It’s March. Do You know How Strong Your Schools’ Arts Programs Are?

Secretary Duncan talks with students at one of the ED’s frequent Student Art Exhibit Openings at the Department’s headquarters.
The arts are an important part of a well-rounded education for all students. All of the arts – dance, music, theatre, and the visual arts – are essential to preparing our nation’s young people for a global economy fueled by innovation and creativity and for a social discourse that demands communication in images and sound as well as in text. 
The importance of arts education is celebrated each year during March through Dance in the Schools Month, Music in Our Schools Month, Theatre in Our Schools Month, and Youth Art Month. Throughout the country, student presentations in local communities will showcase how the arts infuse creativity and innovation into learning. The month also presents an opportunity to acknowledge the arts specialists who help students reach high standards in the arts, while also serving their school communities as “chief creative officers” who collaborate with classroom teachers to integrate the arts with other core subjects.  Read more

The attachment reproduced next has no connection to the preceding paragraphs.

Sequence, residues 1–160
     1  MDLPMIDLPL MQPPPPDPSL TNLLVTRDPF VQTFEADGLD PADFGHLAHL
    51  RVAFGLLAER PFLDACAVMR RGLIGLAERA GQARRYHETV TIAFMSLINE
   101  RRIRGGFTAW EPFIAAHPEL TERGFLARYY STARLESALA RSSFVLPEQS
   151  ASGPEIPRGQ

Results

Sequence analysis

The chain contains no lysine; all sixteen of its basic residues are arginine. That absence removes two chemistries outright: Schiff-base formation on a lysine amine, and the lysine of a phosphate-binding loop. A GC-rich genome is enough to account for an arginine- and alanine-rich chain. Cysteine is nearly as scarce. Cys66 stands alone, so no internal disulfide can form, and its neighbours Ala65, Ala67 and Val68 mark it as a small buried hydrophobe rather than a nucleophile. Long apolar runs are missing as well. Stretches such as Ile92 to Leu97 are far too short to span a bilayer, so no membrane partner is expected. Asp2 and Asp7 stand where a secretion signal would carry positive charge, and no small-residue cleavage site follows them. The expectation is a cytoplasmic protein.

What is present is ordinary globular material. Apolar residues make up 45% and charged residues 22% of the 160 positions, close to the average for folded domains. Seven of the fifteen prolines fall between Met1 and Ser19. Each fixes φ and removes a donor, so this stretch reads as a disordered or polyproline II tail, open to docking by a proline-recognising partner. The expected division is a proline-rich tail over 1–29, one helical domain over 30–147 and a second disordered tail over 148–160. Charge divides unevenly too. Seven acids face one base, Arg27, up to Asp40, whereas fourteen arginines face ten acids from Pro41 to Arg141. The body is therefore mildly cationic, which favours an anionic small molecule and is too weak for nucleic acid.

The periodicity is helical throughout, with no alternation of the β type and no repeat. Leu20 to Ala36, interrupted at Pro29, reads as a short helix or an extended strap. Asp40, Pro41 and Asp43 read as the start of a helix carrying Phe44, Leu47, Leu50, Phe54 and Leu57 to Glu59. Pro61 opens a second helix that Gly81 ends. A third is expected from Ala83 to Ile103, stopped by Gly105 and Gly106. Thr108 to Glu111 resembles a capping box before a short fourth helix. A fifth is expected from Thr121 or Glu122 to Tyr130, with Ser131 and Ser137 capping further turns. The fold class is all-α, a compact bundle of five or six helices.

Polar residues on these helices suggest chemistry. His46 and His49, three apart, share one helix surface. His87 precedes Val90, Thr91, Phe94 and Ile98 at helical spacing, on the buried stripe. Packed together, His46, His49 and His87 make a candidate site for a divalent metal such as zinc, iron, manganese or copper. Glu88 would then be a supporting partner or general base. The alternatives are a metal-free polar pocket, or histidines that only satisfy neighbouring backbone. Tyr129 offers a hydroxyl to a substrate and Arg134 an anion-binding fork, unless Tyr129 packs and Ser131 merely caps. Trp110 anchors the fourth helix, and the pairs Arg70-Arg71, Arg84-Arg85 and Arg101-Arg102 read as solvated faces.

chandra thomas: ACTOR-WRITER-PRODUCER-YOUTH ARTS EDUCATION ADVOCATE

For as long as she can remember, chandra thomas ACTOR-WRITER-PRODUCER-YOUTH ARTS EDUCATION ADVOCATE credits her family for instilling a love of storytelling. Entrenched in her upbringing between Harlem and Long Island was the importance of enduring the history of her family, expressing her insights and opinions about everyday occurrences, from the mundane to the sublime: “Learning about my world through stories became a big influence in terms of my own journey to this quadruple title world that I now live in.” Drawn to work that tells stories, chandra is inspired to tell “unique, stories that aren’t just recycling of stories we have already heard.”
chandra-ACTOR has the capacity to delve into a character’s spirit through their need to tell their story. She actively seeks subjects whose stories might not have been told.  Her mother is an ardent believer in the importance of the arts and took chandra to her first play at the age of five to see Big River.  Although awed by the spectacle and magic of live theater it wasn’t until she was in high school when she went to see Rent  that she had her “aha” moment:  “I saw people who I knew…people who were in the neighborhood that I grew up in, friends that I hung out with, family that I recognized.  There were people whose stories I had never seen on a stage, no less a Broadway stage, before.” Armed with this new vision, chandra-PRODUCER makes it her mission to promote points of view that might not have otherwise been heard.